Ordinarily, a decedent's failure to commence a timely personal injury claim bars any subsequent action for wrongful death (Fontheim v Third Ave. Ry. Co., 257 App Div 147, 149; Myers v City of Plattsburgh, 13 A.D.2d 866). In this case decedent's personal injury claims were tolled during her infancy under CPLR 208 (which at that time provided for the disability of infancy until age 21). When decedent died on March 9, 1969, prior to her 21st birthday, this terminated the toll of the Statute of Limitations (see, Duffy v Du Pont de Nemours & Co., 193 Misc. 175, affd 274 App Div 908). Thus, plaintiff had until March 9, 1971 to interpose a timely claim for wrongful death. Here, however, plaintiff waited until 16 years after the two-year period provided in EPTL 5-4.1 had expired.

Plaintiff now argues that the language "could have been brought" (L 1986, ch 682, § 4 [referring to a wrongful death action]) should be construed as referring to plaintiff's capability to commence a wrongful death action, capability being deemed to encompass sufficient knowledge of the causal connection between the ingestion of DES by the pregnant mother and the development of latent cancer by the affected child. Plaintiff alleges that it was not until some time in the 1970's that plaintiff's wife became aware of this tragic consequence of the use of DES. According to plaintiff, this medical knowledge became widely disseminated only following the publication of an article in 1971 in the New England Medical Journal. We hold that if the Legislature had intended to have the revival statute address the state of technical or scientific knowledge at the time of the alleged wrongful death, it would have used language similar to the provisions of CPLR 214-c, which were drafted expressly to tie the definition of accrual of a personal injury action to discovery with due diligence of the harm. It is thus apparent that when the Legislature wished to provide for discovery as the accrual point of a cause of action it knew how to do so, and the ameliorative discovery alternative cannot arise by implication or judicial gloss.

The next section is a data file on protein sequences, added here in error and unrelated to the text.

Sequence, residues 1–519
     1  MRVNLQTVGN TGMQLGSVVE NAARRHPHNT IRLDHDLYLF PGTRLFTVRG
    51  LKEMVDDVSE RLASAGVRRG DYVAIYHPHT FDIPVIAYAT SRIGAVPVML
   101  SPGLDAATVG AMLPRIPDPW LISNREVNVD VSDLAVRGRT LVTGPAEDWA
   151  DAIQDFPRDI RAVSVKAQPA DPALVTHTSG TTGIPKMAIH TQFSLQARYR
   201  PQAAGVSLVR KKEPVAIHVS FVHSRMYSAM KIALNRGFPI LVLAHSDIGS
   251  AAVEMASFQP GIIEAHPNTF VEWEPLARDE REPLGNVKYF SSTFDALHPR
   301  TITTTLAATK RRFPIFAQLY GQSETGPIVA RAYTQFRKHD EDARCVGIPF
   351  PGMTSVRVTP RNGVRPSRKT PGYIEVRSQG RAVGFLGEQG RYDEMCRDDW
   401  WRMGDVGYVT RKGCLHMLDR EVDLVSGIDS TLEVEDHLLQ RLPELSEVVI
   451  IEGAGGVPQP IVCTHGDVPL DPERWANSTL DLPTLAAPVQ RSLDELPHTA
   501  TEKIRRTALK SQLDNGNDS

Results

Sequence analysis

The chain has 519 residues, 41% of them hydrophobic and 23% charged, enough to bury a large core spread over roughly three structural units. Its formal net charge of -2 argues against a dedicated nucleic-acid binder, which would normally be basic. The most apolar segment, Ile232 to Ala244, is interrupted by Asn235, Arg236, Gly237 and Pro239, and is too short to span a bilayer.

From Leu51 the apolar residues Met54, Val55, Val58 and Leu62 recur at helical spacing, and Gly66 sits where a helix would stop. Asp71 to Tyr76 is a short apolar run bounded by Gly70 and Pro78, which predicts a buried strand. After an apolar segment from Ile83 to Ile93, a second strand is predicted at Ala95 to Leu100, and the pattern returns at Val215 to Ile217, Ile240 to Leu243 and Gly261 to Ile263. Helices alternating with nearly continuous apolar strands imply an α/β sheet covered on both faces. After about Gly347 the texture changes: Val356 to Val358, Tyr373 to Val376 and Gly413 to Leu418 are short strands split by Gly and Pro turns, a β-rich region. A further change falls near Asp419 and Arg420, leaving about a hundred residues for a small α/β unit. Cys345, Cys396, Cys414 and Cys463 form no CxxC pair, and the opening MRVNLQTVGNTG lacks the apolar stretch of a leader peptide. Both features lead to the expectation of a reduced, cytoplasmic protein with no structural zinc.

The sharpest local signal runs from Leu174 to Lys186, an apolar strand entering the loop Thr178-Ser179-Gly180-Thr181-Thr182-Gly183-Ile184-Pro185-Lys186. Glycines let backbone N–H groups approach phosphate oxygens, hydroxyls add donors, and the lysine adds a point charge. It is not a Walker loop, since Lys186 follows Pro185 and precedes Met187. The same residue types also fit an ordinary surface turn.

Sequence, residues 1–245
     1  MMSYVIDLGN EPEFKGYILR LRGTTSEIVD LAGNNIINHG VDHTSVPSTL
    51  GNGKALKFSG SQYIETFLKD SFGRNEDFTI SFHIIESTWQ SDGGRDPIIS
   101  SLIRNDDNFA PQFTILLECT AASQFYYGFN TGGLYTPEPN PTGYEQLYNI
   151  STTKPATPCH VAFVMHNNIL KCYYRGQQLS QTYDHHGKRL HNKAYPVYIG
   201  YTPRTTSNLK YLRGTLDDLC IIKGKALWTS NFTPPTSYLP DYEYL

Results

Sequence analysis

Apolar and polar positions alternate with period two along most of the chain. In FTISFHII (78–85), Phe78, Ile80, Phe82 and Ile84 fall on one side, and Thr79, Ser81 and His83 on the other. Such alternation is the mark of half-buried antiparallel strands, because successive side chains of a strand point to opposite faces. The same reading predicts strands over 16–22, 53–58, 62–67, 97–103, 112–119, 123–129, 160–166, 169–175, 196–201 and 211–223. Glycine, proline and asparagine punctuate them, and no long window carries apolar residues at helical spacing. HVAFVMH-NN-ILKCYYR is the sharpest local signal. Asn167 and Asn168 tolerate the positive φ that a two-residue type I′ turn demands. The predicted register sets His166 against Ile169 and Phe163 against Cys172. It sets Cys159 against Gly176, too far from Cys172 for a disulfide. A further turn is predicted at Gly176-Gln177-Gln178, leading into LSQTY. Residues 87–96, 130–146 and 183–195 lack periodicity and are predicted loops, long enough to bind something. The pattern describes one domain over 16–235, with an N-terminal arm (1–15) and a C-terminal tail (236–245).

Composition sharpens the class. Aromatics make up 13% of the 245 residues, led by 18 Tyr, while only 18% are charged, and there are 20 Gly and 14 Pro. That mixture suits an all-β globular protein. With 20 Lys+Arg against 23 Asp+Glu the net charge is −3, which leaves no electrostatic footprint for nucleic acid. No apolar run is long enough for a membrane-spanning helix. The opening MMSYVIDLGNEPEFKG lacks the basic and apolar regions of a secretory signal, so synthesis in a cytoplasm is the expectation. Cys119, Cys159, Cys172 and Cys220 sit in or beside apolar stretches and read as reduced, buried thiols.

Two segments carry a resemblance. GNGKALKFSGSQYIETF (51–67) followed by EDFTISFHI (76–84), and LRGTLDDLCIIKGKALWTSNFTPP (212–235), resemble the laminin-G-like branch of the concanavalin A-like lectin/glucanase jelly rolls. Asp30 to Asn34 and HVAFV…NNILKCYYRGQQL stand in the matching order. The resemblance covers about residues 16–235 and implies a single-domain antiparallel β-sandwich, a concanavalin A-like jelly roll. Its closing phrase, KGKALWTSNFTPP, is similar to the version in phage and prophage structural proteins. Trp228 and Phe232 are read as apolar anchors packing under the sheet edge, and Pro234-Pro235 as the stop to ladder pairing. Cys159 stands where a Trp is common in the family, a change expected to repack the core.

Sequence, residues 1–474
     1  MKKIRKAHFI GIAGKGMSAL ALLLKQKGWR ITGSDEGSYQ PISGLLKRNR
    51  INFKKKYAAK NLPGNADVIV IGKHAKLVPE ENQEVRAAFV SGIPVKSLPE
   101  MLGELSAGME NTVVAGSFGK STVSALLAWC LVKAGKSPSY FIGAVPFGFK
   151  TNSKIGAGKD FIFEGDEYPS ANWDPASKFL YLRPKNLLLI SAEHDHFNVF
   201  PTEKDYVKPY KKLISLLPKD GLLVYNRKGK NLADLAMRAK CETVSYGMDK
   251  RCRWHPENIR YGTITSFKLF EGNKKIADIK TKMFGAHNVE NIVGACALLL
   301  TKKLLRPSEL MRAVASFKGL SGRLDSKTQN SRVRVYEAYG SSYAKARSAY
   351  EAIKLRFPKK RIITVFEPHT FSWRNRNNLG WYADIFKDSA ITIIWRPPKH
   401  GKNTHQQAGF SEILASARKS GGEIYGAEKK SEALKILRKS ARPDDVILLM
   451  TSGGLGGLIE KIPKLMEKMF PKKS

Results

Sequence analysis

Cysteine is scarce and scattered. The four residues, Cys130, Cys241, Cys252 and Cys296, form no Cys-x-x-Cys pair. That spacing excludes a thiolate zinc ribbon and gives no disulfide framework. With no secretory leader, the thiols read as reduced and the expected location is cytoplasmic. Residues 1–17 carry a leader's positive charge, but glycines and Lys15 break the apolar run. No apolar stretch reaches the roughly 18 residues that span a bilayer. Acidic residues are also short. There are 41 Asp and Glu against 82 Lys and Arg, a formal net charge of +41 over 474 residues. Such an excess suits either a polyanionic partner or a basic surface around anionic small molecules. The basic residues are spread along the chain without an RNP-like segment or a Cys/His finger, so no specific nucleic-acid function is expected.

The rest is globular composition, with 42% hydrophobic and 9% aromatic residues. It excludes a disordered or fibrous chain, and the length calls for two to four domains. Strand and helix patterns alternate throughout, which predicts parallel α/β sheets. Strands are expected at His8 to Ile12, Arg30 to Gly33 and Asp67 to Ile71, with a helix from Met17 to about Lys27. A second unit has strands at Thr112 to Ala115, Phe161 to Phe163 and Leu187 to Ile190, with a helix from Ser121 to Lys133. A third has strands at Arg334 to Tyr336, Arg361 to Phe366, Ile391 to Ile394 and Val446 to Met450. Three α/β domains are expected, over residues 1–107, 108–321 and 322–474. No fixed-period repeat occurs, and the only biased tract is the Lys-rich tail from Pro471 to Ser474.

Further, the doctrine of equitable estoppel foreclosing a limitation defense has no application to this case. Plaintiff discovered the causal connection between the ingestion of DES by the mother and the infliction of cancer upon decedent daughter some time in the early 1970's. The subsequent delay in bringing this action evidences a lack of due diligence on the plaintiff's part, and diligence is an essential ingredient of equitable estoppel (Simcuski v Saeli, 44 N.Y.2d 442, 450). Additionally, plaintiff has failed to show that defendants made any misrepresentation upon which they relied in delaying the timely commencement of the action (see, Powers Mercantile Corp. v Feinberg, 109 A.D.2d 117, 121-122, affd 67 N.Y.2d 981).

For the foregoing reasons, we affirm the order appealed from.

FootNotes


* The act became effective on July 30, 1986; the one-time revival period expired one year later. This action was therefore commenced within the revival period.